Discovery to come home soon

Discovery astronauts packed up on Friday and got ready to leave the International Space Station as the first shuttle visit to the outpost since 2002 - and likely the last for a while - neared its end.

NASA earlier declared the shuttle safe to return home, clearing the way for what is the first step toward Discovery's planned landing on Monday in Florida.

The Discovery crew was to say goodbye to station crew members Sergey Krikalev and John Phillips late on Friday, close the hatch and get ready to undock early on Saturday.

The astronauts busily stowed gear and finished loading the spacecraft and an Italian-built cargo unit packed with tons of trash and other items that have piled up on the station over the past 2-1/2 years.

It may be the last shuttle visit to the space station for some time because NASA has grounded the shuttle fleet until it fixes the flying debris problem that destroyed Columbia in 2003 and resurfaced at Discovery's launch on July 26, reports Reuters.

According to CBS, Friday’s activity came a day after NASA gave the all-clear for Discovery to return to Earth, concluding that there was no need to send the astronauts out on another spacewalk to repair a torn thermal blanket near a cockpit window.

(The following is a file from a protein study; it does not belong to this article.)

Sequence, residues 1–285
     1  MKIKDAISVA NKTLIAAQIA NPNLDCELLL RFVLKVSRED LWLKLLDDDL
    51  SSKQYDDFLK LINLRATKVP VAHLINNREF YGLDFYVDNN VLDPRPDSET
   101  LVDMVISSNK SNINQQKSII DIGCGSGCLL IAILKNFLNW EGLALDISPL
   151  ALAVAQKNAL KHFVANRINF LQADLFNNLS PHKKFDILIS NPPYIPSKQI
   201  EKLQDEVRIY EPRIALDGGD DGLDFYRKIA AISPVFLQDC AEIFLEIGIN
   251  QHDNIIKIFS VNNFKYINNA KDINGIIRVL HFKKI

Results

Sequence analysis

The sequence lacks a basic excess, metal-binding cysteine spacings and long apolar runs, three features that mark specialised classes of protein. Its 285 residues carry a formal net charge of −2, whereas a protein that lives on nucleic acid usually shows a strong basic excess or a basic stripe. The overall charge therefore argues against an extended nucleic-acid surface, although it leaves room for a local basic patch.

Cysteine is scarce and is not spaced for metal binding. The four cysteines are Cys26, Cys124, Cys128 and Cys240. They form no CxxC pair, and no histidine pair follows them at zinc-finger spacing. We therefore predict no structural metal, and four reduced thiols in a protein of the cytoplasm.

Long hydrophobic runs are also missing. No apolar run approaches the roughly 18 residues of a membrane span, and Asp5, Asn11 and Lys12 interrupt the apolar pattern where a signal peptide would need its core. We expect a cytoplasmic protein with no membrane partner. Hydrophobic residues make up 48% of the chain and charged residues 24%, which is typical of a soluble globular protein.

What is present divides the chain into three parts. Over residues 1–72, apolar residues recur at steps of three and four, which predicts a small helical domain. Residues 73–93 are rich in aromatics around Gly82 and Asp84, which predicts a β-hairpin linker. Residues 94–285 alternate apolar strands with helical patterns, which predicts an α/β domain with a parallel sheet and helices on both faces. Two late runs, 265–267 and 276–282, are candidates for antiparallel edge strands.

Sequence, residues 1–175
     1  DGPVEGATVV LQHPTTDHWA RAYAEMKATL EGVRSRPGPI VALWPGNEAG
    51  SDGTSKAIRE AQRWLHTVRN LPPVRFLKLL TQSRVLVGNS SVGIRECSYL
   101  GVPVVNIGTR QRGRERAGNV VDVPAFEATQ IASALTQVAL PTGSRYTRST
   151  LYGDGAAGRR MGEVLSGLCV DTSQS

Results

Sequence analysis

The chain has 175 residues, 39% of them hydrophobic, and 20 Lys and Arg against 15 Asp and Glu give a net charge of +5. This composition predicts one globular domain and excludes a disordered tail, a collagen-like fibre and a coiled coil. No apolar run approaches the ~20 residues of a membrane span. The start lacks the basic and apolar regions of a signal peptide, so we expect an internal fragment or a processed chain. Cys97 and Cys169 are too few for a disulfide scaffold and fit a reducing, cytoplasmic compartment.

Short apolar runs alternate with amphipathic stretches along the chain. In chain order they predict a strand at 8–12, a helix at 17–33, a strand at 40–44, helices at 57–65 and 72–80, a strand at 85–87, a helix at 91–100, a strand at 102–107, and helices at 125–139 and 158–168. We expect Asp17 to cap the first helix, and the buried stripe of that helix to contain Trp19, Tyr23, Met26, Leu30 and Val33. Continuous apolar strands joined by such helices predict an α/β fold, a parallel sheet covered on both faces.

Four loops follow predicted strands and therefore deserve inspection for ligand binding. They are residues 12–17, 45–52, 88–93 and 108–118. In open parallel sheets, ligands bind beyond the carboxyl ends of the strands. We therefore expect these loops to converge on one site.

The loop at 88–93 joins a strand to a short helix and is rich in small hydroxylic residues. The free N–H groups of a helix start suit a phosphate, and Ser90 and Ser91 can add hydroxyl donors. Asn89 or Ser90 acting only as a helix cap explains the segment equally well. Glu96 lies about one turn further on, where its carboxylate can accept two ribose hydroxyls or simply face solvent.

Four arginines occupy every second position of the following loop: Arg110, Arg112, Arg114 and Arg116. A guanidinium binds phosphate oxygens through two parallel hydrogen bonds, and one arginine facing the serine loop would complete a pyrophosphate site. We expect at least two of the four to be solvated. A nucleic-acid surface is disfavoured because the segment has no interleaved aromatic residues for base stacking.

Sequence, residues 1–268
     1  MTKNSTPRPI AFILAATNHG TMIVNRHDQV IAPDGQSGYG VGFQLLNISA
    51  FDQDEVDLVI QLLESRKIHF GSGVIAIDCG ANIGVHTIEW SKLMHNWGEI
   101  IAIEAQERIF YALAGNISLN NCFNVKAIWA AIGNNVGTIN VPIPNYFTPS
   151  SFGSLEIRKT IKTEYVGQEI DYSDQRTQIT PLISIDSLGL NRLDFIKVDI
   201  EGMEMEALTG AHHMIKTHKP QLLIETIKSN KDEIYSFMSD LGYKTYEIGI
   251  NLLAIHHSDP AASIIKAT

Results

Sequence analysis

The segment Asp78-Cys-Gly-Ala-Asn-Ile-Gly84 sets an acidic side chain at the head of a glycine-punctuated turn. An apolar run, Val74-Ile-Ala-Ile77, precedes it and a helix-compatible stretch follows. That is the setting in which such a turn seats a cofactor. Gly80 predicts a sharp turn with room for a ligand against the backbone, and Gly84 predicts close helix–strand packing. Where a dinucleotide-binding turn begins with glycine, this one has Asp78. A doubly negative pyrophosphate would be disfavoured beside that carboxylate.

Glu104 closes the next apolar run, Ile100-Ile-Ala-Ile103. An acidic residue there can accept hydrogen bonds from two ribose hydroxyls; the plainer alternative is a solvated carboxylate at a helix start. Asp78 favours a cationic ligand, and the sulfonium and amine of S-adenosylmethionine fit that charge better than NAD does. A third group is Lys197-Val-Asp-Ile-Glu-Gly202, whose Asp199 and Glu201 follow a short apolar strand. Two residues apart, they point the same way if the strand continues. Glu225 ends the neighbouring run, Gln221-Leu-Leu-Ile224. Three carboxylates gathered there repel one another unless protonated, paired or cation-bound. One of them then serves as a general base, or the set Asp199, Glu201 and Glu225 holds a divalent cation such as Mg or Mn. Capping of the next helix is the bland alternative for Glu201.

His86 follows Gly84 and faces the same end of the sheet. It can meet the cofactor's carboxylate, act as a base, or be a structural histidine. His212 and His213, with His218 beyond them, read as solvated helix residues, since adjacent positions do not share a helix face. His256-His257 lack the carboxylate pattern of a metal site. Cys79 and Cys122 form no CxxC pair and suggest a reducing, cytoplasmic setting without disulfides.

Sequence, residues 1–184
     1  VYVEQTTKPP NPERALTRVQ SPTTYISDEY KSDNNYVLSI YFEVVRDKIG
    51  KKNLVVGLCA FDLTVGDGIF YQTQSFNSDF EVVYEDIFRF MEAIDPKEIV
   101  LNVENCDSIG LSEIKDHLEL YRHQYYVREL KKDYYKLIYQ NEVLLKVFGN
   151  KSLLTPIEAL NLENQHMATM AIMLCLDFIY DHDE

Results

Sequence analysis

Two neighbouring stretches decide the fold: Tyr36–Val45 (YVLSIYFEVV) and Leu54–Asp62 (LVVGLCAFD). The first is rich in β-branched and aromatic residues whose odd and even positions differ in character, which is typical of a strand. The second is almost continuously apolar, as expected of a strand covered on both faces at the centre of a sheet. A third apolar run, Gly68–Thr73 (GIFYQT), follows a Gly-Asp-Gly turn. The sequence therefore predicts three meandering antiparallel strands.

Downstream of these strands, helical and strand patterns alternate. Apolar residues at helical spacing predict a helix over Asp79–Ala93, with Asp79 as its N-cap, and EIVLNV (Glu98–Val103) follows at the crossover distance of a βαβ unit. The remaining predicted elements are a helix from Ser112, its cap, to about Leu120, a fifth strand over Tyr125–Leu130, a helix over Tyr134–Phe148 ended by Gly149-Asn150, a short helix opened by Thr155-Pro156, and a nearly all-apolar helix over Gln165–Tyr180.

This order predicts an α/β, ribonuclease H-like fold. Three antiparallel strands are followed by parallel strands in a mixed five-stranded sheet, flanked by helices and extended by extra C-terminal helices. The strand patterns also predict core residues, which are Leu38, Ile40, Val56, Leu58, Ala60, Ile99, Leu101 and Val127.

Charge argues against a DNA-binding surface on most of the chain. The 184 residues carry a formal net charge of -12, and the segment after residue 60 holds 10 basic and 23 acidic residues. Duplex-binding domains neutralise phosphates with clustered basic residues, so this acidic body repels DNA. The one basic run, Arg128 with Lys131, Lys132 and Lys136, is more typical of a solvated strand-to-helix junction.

The damaged 20-inch-long, 4-inch-wide insulation blanket just below commander Eileen Collins' cockpit window was the only remaining question mark about the shuttle's condition prior to re-entry and landing early Monday morning, CBS News Space Consultant Bill Harwood reports.

Mission managers could not guarantee that a piece of the blanket wouldn't rip and slam into the spacecraft during re-entry, but said the chances were slim.

“We have assessed the risk to the very best of our engineering knowledge and we believe that it is remote, small, whatever adjective you want to put with that,” deputy shuttle program manager Wayne Hale said. “and the remedy that might be called for to try to make this better would be worse.”

NASA managers decided that a fourth spacewalk wasn't necessary to fix a damaged piece of a thermal insulation blanket below the commander's window on the shuttle. Engineers spent two days analyzing images of the damage and conducting wind-tunnel tests to assess whether the blanket may tear off during re-entry, risking further damage to other parts of the shuttle.

Discovery's crew during preparations for the mission practiced experimental repair methods developed in response to recommendations from an independent board that investigated the destruction of the shuttle Columbia. A piece of insulating foam struck Columbia during launch, causing a hole that filled with atmospheric gases on the craft's return to Earth in February 2003, killing all seven astronauts on board.

Mission specialist Steve Robinson made use of that practice this week, becoming the first astronaut to make repairs to the shuttle's heat shield, which protects the spacecraft during re- entry. Robinson two days ago removed two bits of “gap-filler” fabric that were protruding from between the tiles that make up the heat shield, informs Bloomberg.

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